Chanyang Jip 찬양집 “House of Praise” (Jongro, Seoul)

Finally got to visit this famous, old-school Korean restaurant named Chanyang Jjip 찬양집 (“House of Praise”) with my Meetup food group, and I was glad it lived up to the hype. In all honesty, I have never been a big fan of noodles, hot or cold, but this restaurant made a believer out of me with their terrific food and friendly service.

With over 50 years of experience under their belt, they have been serving heaping bowls of kalguksu 칼국수 “knife-cut noodles” to locals and serious foodies in an obscure alley way in Jongro. What’s cool about the place is that they haven’t changed much over the years except one thing: their ridiculously low prices. Supposedly, their main dish cost 200 won (20 cents) back in 1965 and hasn’t really changed much, taking into account inflation rates. Unlike many restaurants that start off small and become successful, Chanyang Jip didn’t expand and fancy things up–they basically kept their “humble” interior intact and their food the same for all those years. As expected, it’s pretty bare bones here, so if you’re looking for a fancy interior and clean eating, you’d best go elsewhere.  

One of the main reasons why this modest place has regulars coming near and far are the two standout dishes: haemul kalguksu 해물 칼국수 (handcut noodles w seafood) and jjin mandu 찐만두 (steamed dumplings), priced at 5,000 and 6,000 won, respectively. The noodles and broth (anchovy stock) were both great. The noodles were thick yet firm to the bite while the broth was rich and briny. When combined with the freshly made kimchi, you’ll soon figure out it’s the perfect combination (soft, slippery noodles and crisp bites of kimchi). The supporting cast of mandu varieties (pork and kimchi) were big winners as well with the group. They were nicely seasoned, very moist, and had a pillowy texture. Again, absolutely delicious.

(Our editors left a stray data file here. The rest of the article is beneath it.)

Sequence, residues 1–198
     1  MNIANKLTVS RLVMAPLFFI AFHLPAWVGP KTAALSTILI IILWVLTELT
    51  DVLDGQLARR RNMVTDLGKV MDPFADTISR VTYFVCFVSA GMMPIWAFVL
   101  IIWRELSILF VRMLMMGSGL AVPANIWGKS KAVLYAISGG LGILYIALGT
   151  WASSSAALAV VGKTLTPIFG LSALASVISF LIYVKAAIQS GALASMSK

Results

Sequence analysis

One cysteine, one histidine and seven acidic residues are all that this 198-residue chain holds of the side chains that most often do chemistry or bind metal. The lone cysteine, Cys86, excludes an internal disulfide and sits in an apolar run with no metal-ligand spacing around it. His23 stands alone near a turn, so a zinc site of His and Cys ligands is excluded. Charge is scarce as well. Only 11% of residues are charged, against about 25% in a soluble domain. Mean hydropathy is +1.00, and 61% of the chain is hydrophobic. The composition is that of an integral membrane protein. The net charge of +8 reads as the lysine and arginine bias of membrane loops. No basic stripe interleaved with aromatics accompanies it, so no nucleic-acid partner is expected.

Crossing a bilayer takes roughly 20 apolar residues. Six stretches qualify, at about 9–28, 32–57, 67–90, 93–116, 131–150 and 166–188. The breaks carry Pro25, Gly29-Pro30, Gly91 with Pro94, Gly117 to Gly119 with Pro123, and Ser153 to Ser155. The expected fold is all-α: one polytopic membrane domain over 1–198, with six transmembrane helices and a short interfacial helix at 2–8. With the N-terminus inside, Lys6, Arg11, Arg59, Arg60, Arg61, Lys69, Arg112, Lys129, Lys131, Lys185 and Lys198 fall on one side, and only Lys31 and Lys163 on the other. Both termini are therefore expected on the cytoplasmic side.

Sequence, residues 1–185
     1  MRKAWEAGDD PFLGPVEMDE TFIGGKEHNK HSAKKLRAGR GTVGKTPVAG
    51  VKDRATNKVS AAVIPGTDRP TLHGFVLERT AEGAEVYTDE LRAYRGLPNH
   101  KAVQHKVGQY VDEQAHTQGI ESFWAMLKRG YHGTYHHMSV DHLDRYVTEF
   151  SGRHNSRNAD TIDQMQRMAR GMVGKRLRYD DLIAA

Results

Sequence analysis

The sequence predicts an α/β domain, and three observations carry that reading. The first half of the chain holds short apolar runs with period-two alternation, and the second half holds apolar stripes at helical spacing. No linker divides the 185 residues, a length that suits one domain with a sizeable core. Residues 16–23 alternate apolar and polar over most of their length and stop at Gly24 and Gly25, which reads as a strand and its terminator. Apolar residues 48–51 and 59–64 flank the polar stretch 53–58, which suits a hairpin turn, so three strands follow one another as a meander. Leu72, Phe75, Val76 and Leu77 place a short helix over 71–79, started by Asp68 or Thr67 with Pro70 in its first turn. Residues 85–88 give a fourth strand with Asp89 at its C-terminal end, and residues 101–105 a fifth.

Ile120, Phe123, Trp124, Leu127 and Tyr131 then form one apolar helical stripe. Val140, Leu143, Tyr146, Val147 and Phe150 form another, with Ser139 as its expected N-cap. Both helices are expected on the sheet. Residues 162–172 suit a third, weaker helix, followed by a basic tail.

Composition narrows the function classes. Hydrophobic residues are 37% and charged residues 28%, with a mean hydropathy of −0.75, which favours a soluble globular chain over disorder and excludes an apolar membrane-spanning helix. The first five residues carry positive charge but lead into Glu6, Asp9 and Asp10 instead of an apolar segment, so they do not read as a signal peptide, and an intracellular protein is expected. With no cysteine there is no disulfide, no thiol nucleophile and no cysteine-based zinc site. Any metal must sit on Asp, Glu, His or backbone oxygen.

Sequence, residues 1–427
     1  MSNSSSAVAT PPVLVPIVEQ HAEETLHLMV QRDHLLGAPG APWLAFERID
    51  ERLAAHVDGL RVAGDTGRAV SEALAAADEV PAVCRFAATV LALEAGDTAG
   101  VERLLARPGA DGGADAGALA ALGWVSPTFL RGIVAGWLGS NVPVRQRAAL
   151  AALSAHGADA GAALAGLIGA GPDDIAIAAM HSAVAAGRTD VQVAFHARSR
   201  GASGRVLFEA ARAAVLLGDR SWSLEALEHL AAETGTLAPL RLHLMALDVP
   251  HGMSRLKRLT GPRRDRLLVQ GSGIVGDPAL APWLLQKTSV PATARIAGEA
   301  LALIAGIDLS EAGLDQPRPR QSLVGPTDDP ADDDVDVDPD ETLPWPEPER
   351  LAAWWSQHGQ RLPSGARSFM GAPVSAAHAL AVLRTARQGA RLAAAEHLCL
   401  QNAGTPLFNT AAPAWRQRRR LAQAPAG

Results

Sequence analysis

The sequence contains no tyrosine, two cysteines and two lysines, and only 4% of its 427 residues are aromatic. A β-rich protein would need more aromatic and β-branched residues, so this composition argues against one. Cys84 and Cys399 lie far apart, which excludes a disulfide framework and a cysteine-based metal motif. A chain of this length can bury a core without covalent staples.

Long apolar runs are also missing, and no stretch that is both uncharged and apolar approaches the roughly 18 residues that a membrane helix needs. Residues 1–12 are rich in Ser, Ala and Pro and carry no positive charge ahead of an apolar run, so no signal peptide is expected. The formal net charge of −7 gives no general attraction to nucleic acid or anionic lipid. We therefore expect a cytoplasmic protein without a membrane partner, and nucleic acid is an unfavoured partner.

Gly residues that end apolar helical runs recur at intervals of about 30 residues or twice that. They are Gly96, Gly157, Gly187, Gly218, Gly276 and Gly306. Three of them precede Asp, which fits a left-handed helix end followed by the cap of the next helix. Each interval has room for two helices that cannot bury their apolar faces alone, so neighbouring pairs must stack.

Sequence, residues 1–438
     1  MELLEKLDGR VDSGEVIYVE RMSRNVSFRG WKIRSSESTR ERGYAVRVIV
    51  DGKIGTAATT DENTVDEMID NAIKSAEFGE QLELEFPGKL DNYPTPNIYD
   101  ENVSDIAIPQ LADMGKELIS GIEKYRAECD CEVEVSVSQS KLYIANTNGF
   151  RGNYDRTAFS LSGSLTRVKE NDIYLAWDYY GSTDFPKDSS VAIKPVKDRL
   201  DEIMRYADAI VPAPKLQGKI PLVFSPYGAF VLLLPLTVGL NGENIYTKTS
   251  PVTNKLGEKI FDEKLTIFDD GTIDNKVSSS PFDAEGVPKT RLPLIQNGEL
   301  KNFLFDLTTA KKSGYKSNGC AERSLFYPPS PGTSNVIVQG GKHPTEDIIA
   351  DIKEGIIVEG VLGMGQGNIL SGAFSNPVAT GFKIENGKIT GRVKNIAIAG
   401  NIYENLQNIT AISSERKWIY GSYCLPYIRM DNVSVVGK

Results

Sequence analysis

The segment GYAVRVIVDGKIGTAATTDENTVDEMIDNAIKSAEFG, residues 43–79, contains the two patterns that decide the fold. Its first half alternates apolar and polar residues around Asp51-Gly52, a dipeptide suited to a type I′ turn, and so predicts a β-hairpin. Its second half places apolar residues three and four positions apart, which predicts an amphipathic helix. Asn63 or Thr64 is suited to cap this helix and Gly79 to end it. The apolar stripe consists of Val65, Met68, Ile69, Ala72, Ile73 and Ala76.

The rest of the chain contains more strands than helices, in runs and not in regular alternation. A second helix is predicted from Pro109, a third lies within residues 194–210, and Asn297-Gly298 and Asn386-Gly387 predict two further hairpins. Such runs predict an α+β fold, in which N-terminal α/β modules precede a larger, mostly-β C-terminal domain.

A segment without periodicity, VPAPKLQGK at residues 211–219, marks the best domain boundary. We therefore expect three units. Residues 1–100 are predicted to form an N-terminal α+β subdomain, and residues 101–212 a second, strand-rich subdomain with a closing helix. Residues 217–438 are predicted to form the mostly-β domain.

The group of eight adults were supposedly “big eaters,” but the bowl of noodles were so huge and overflowing that all but one of us in our group finished the entire bowl. Which simply meant that the “refillable” (mu-han-ri-pil 무한리필) noodles didn’t apply to anyone in our group.

At mind-boggling prices and perfectly executed dishes, Chanyang Jip is a must-try for people who want authentic Korean flavors in an old-school setting. And just a piece of advice, make sure to bring your appetite because you’ll need it to finish off their huge portions.

“One cannot think well, love well, sleep well, if one has not dined well.” ~ Virginia Woolf

Food★★★★½ out of 5 stars

Service: ★★★½ out of 5 stars

Ambiance: ★★★½ out of 5 stars

Value: ★★★★★ out of 5 stars

Chanyang Jip “House of Praise”
Jongro-gu, Donhui-dong 27
Hours: 10am-9pm, closed on Sundays
Telephone: 02-743-1384

Here is the super fresh kimchi that is made daily. Combine this with the noodles and you really have a winning combination.
We ordered the pork mandu, which was nicely stuffed with chives, ground pork, and tofu. The kimchi ones (not pictured) were also a big hit with the group.
Tons of bajirak (short-neck clams), miduduk (warty sea squirts), honghap (mussels), gim (toasted seaweed), and scallions covering the famous noodles below.
If you’re able to finish off all the seafood and then the noodles, go ahead and ask for a “refill,” which the workers will happily oblige.
We were initially curious about the red plastic bowl when we got there. Here’s the reason why.
As you can see, they get plenty of love from media outlets, and deservedly so.
Some celebrities leaving their mark on the restaurant wall.
Simple, no-frills type of a restaurant that hasn’t changed in years, maybe decades, maybe half a century!
The sliding front doors to the restaurant show their main dishes, but having been open for over 50 years they have yet to update the signs.
If you see neon blue sign like this, you’ve come to the right place.

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